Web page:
Abstract of a Paper by F. C. Gasche presented before the Steel Works Club of Joliet, 111.
In contradistinction to the reciprocating engine, the fundamental principle of the steam turbine lies in the fact that the reciprocating engine does work by reason of the static expansive force of the steam acting behind a piston, while in the case of the turbine the work is developed by the kinetic energy of the particles of steam, which are given a high velocity by the pressure to a lower. Steam turbines may be divided into two classes: Reaction turbines of which Hero's is an example; impact turbines, of which Branca's is an example; a combination of the two.
General principles applying to the design of steam turbines are the same as made use of in water turbines. The buckets and guides must have as little skin friction as possible and be so arranged that the steam may strike without sudden shock and have its direction of motion changed without sharp angular deflections.
One great difficulty that presents itself is the tremendous velocity of steam as compared with that of water under ordinary heads. In the reaction or Hero type turbine the peripheral velocity must be equal to that of the jet of steam to give us the ideal condition and in the impact turbine the ideal condition is when the peripheral velocity of the buckets is one-half that of the steam jet.
With high - pressuresteam discharging into a vacuum the velocities obtained are from 3000 to 5000 ft. a second. A turbine built on the lines just given would, therefore, have peripheral velocities far beyond the limits of strength of material. As an example, a 19-inch Hero engine would revolve at 75,000 revolutions a minute, and the ends of the arms carrying the steam nozzles would have a velocity of over 40 miles a minute. The great problem confronting the inventors of steam turbines has been to reduce this velocity and at the same time to utilize the maximum amount of the energy of the steam.
Several attempts have been made to improve the simple reaction turbine of Hero and produce one that will run at a slower speed. In 1862 Charles Monson patented a turbine having a succession of simple reaction wheels, each one in a separate chamber and arranged so that steam issuing from a wheel into its chamber passes through the hollow shaft into the next wheel and so on; Fig. 1 gives the idea of this invention. Steam enters the hollow arms in chamber A through the hollow shaft, passes out through the orifice at the end into the chamber A, whence it is conducted to the hollow arms in the chamber B through a second passage in the shaft, and so on to the last chamber.
In 1885 C. A. Parsons secured his first patent for a compound reaction turbine. In all his work the inventor, who was the first to place the steam turbine in large units on a commercial basis, has adhered to the reaction type and is responsible for the successful development of the compound reaction motor. At one time or another Parsons has patented most of the feasible arrangements for the compound turbine, until, at the presant time, the Parsons turbine manufactured by the Westinghouse Machine Co., is one of the most successful in the world. Fig. 2 shows the first Parsons turbine patented in 1885. Steam enters at the center A and passes to right and left between the series of guide vanes attached to the outer casing and the rotating blades attached to the inner drum which rotates on shaft BB. The steam escapes through the exhaust pipe E.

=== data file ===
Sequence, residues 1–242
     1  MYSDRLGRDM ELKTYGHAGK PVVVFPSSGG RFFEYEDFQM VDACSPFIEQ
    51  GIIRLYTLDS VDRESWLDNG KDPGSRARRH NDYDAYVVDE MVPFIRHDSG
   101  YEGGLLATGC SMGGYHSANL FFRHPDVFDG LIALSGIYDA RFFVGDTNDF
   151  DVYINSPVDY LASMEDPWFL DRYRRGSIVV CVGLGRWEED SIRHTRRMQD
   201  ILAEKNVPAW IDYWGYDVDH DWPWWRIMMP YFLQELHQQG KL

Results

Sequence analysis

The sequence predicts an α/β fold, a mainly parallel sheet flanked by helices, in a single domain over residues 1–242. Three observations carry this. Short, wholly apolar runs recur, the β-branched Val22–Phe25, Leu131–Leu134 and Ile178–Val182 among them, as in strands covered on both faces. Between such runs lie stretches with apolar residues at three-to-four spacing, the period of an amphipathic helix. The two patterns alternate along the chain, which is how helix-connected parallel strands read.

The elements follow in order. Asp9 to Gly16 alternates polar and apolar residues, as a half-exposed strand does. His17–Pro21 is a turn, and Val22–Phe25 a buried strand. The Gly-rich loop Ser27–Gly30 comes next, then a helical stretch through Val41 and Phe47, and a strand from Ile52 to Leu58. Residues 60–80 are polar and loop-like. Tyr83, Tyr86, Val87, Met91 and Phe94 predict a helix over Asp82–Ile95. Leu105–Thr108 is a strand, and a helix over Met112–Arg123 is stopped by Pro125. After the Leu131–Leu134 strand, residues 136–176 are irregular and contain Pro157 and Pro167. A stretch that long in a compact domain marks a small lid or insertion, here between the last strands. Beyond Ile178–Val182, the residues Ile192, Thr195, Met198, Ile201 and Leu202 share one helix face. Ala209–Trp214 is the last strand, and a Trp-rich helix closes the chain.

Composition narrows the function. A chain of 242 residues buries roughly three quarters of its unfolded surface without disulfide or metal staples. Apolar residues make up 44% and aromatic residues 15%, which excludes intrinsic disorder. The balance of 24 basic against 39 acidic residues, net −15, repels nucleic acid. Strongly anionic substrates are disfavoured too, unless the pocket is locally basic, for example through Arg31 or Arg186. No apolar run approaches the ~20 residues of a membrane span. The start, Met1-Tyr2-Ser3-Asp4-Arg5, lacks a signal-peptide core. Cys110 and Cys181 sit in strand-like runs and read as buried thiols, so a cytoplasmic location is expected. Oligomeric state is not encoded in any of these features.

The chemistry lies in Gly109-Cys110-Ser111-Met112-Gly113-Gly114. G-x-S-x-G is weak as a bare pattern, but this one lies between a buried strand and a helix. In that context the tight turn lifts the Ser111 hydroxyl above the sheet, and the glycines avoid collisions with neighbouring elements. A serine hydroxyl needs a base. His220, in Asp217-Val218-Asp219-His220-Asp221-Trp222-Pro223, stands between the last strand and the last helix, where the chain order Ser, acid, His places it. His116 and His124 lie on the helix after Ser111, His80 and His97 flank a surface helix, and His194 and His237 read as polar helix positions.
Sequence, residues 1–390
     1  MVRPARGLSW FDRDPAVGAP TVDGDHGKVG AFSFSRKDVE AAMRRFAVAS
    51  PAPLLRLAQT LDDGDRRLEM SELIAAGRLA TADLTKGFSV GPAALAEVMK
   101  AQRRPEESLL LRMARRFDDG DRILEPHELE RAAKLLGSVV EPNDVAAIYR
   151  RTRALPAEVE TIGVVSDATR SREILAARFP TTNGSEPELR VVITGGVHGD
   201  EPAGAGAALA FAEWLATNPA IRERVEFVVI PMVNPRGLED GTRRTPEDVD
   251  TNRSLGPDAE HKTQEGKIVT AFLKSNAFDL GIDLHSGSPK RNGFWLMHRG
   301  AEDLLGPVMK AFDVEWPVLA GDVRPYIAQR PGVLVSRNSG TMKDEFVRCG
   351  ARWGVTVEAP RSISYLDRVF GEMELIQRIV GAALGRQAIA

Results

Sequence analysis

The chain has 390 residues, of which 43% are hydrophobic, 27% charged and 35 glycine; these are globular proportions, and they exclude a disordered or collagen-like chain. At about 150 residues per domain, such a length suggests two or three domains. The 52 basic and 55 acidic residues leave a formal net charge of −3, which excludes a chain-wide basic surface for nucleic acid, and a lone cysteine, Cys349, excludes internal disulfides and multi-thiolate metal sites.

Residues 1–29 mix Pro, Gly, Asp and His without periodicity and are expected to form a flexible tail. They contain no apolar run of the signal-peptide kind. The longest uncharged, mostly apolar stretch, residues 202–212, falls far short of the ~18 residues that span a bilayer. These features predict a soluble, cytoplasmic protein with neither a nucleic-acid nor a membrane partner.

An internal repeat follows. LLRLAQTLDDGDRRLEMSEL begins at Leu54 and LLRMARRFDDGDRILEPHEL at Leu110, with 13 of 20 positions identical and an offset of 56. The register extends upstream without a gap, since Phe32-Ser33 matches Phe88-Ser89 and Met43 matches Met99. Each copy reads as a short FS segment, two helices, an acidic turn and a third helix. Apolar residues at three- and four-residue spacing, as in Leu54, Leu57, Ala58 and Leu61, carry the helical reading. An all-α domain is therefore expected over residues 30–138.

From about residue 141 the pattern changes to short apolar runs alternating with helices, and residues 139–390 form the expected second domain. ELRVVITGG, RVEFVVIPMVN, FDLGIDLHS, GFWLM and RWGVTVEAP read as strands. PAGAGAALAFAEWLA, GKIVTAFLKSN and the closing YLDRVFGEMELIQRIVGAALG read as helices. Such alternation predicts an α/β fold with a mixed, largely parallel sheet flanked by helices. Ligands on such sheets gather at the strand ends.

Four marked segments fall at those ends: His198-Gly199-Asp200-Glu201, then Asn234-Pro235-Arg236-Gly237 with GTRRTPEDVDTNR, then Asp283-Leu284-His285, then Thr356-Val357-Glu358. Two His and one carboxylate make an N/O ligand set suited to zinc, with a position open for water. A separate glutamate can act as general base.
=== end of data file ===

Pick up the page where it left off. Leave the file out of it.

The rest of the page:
Fig. 1. Monson's Compound Reaction' Turbine.
In 1893 DeLaval secured his most important patent relating to the expanding nozzle to be used in combination with an impact type turbine wheel. By the use of this expanding- nozzle the energy of the steam under pressure was converted into velocity to impinge against a single row of moving vanes, a steam turbine was produced that for simplicity of construction has no equal.
In 1800 Mr. Curtis designed a steam turbine which was a combination of the DeLaval and the Parsons. A steam nozzle, which is a modified form of the DeLaval, is employed to expand the steam and give it a high velocity before it comes in contact with the blades, but a certain amount of expansion is left to take place in passing through the alternate rows of stationary and rotating vanes as in the Parsons.
Of the DeLaval turbine the unique features are the nozzle and the means by which the wheel is enabled to revolve upon its axis of gravity. DeLaval mounts his wheel nearer the center of a long light shaft capa-hle of being bent and returning to its original form. The shaft is mounted upon bearings of ordinary construction. This flexibility enables the forces set up by the revolving wheel to deflect so as to let the former revolve about its axis of gravity.
In the divergent nozzle the whole expansion of the steam is carried out. The steam at the mouth of the nozzle has the same pressure as the exhaust. In other-words the steam has its energy completely transformed into mass and velocity by the time it comes into contact with the buckets. This brings up another feature of this turbine, and that is that no parts with the exception of the nozzles, are subject to steam pressure.
With 150 pounds steam pressure and 26 in. vacuum the velocity of the steam leaving the nozzle is 3810 feet a second or 43 miles a minute. The nozzles are set at an angle of 20° to the plane of motion of the buckets so that the theoretical velocity of the buckets should be 47 per cent of the velocity of the steam, or 1790 feet a second or 20 miles a minute. It has been found difficult to produce a material for the wheels that with an ample margin of safety would withstand the strain produced by the centrifugal force at this high speed, hence it has been necessary to reduce the speed not to exceed 1350 feet a second.